The famous paintings by Dutch painter Piet Mondrian, featuring iconic coloured rectangles, are not only one of the greatest expressions and representations of modern abstract art that has inspired generations of aspiring artists, they are also the basis of an interesting problem or mathematical puzzle.
Mondrian’s Mathematical Problem consists of dividing a grid of dimensions n x n, into rectangles and squares of whole and incongruent sides (i.e. no two are equal), so that the difference between the surface of the largest and smallest rectangle is as small as possible. That subtraction will give the score.
This statement, formulated in this way in the abstract, may be difficult to understand, but it is very easily seen with a concrete case. For example, take the 4×4 grid. One possible solution is to divide the grid into two rectangles of 3×4 and 1×4, which gives a score of 8. One way to improve the result is to divide the grid into 3 rectangles, which lowers the score to 6.
There is still a better solution for a 4×4 square, an optimal distribution that gives a score of 4. What is it?
It was in 1915, after having absorbed and assimilated the principles of art movements such as impressionism, expressionism and cubism, that Piet Mondrian began to produce his famous paintings. These works sublimated the abstraction and simplification of shapes to limit the elements to straight lines and rectangles and the colours used to primary (red, yellow and blue) and achromatic (grey, white and black). With this pictorial vocabulary, the painter tried to reflect the balance of opposites —lines vs. surfaces; horizontal vs. vertical forms; vivid colours vs. the absence of colour— that governed nature and the entire universe and constituted its essence and spirit.
This geometric distribution of Mondrian’s paintings —so studied and based on shapes that were opposing and at the same time complementary— captured the attention of mathematicians who would pose this challenge, which becomes more complicated as the grid becomes larger:
Here is the best solution for the case of a 5×5 square, which allows a score of 4.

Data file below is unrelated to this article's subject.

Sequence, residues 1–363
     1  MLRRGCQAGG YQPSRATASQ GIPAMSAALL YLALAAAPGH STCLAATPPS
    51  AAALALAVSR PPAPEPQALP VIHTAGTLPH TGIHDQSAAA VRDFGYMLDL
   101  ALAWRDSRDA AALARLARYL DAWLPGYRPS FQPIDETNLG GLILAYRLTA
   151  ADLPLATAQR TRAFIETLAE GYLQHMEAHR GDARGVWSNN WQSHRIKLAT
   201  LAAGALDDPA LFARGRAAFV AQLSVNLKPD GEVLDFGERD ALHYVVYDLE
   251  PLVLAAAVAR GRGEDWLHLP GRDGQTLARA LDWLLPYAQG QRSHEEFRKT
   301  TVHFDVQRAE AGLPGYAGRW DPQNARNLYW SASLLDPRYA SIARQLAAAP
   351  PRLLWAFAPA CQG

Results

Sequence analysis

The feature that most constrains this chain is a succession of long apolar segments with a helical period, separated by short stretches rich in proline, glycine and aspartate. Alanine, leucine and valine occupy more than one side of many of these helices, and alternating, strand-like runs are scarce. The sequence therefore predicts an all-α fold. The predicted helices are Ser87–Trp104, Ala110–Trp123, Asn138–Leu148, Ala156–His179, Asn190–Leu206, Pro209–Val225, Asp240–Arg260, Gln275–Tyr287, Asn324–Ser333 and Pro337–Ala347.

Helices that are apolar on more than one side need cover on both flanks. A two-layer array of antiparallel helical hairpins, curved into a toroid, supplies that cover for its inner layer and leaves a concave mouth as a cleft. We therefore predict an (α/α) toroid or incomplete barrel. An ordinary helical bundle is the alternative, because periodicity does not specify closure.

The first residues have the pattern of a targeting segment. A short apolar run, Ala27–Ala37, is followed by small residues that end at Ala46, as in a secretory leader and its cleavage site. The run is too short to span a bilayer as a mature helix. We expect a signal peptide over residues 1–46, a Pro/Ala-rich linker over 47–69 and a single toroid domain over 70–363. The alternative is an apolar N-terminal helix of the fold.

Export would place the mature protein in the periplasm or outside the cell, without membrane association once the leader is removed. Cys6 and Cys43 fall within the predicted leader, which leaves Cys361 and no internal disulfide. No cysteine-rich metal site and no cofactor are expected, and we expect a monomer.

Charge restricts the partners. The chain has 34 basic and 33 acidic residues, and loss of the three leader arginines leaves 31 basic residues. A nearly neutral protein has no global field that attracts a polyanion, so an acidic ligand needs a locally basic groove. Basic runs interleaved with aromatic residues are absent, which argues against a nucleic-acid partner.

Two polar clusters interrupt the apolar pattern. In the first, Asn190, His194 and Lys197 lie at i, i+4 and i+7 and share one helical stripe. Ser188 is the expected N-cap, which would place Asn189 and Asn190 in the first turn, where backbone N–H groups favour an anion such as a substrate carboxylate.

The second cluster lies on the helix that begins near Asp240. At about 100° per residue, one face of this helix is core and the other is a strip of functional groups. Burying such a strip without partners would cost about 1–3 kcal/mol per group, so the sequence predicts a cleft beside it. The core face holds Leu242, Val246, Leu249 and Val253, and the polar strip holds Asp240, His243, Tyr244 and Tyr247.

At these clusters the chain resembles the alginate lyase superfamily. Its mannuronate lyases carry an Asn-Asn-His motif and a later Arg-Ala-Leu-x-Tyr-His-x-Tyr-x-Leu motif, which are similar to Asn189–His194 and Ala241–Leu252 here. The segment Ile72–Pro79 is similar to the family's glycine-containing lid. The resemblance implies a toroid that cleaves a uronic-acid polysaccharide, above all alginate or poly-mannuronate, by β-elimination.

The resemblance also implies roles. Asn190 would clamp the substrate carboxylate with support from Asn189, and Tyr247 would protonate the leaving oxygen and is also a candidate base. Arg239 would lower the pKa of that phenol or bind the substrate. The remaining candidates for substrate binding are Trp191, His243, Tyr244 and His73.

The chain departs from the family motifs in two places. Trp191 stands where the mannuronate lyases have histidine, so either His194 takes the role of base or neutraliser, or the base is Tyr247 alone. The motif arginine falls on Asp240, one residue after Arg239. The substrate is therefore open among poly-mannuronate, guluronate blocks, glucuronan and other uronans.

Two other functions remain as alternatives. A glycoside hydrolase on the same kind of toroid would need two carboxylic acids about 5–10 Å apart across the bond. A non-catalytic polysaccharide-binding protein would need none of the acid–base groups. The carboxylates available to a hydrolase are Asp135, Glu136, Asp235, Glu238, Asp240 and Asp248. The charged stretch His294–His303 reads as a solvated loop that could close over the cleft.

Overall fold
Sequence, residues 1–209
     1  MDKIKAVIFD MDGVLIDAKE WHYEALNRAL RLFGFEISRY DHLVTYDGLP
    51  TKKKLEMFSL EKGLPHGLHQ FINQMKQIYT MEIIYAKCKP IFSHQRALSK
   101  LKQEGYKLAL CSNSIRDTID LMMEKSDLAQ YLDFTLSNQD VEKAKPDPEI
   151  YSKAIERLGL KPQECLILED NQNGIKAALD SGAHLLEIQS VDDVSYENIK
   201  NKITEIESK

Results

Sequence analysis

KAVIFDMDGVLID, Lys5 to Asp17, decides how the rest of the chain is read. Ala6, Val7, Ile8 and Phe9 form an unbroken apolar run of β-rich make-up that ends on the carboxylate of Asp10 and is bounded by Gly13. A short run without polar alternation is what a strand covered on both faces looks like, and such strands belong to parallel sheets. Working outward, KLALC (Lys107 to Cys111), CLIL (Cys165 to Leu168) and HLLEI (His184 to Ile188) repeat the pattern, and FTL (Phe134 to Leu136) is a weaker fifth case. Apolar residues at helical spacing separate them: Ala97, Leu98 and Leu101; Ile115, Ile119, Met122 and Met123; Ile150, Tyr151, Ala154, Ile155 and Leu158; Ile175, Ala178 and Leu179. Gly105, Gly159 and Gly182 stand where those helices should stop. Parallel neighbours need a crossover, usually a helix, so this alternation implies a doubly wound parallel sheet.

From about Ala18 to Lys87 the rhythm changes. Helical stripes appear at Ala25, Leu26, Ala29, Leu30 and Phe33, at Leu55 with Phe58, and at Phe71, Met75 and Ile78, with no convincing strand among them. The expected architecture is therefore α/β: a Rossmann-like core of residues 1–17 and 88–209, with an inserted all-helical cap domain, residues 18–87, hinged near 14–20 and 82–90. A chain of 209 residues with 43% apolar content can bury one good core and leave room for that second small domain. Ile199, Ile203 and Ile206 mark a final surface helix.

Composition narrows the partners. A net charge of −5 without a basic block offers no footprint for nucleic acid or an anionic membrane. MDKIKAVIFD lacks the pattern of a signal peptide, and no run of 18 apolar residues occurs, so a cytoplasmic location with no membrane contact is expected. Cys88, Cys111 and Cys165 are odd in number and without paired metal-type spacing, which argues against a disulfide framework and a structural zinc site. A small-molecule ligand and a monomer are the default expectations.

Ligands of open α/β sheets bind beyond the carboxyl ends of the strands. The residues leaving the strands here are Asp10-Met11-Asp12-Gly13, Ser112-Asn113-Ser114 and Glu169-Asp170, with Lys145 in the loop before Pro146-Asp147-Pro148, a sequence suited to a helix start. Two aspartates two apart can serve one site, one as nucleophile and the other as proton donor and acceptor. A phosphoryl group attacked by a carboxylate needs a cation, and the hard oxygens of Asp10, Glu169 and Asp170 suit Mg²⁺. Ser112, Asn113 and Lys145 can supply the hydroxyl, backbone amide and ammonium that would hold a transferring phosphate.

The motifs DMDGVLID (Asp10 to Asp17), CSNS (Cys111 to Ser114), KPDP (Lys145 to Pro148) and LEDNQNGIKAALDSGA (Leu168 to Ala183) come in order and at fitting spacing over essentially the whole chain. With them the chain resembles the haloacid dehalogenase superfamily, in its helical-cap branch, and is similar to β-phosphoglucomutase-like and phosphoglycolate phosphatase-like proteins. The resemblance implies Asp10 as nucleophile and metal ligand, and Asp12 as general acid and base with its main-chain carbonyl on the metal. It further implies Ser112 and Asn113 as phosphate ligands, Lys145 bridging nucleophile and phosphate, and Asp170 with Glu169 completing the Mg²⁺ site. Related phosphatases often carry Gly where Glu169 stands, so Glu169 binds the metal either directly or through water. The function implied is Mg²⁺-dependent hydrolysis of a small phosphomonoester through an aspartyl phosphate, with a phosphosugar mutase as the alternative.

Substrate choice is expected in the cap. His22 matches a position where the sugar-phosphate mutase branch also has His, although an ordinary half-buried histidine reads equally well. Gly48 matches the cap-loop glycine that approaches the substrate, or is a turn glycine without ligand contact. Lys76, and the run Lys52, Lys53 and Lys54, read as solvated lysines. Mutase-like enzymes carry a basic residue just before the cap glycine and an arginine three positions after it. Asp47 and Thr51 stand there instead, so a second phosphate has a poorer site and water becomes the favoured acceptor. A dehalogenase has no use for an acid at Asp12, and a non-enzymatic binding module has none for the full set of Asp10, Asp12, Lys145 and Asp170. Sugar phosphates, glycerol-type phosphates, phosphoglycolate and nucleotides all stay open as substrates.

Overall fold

In the case of a 6×6 square, the minimum possible score is 5. What is the solution that allows this value to be reached?
And what is the optimal solution for an 8×8 square?
Looking for a mathematical shortcut
Every since the Mondrian Problem was raised, mathematicians have tried and continue to look for a general method or algorithm that would give the solution for the infinite possible cases. While this has not yet been achieved, it would be a very useful practical tool in fields such as the distribution and optimisation of spaces or of packaging.
The main difficulty involved is that, by increasing the dimensions of the square, no pattern or structure has been identified in the solutions (something that could serve as a clue or starting point towards obtaining the overall solution). In fact, the contrary is true; although as the value of n increases, the optimal score does seem to stabilize rather than grow, it continues to fluctuate in both directions. Larger squares may have scores lower than those preceding it, but also higher, or the same. And there is even more variability in the number of rectangles needed to get the optimal score in each case.
In the absence of finding this mathematical shortcut, until now the solutions obtained for grids of size n x n are reached by means of “brute force” approximations, that is to say, through algorithms that test in each case —for each value of n— the greatest possible number of solutions and calculate the score of each one of them.
Below is the best solution for a 10×10 square, whose score is 8.
On the other hand, the 11×11 and 12×12 squares have optimal solutions that allow scores even lower than 8. What are the solutions for each case? What is the minimum score that can be achieved in each case?
In its most playful aspect, the Mondrian Problem is on the face of it a simple puzzle that is inexhaustible, since it can be enlarged and complicated to infinity, as long as the dimensions of the grid are increased. That (same) lack of structure or regularity that exasperates mathematicians is what makes it especially attractive and addictive.
And if all of the above were not enough, aficionados can also choose to go one step further and introduce an “artistic” element or condition, such as colouring the resulting distribution using the least number of colours possible and requiring that rectangles that share vertexes and/or edges cannot have the same colour. This allows us to obtain solutions as eye-catching as those exhibited as examples… and to get a little closer to Mondrian’s work.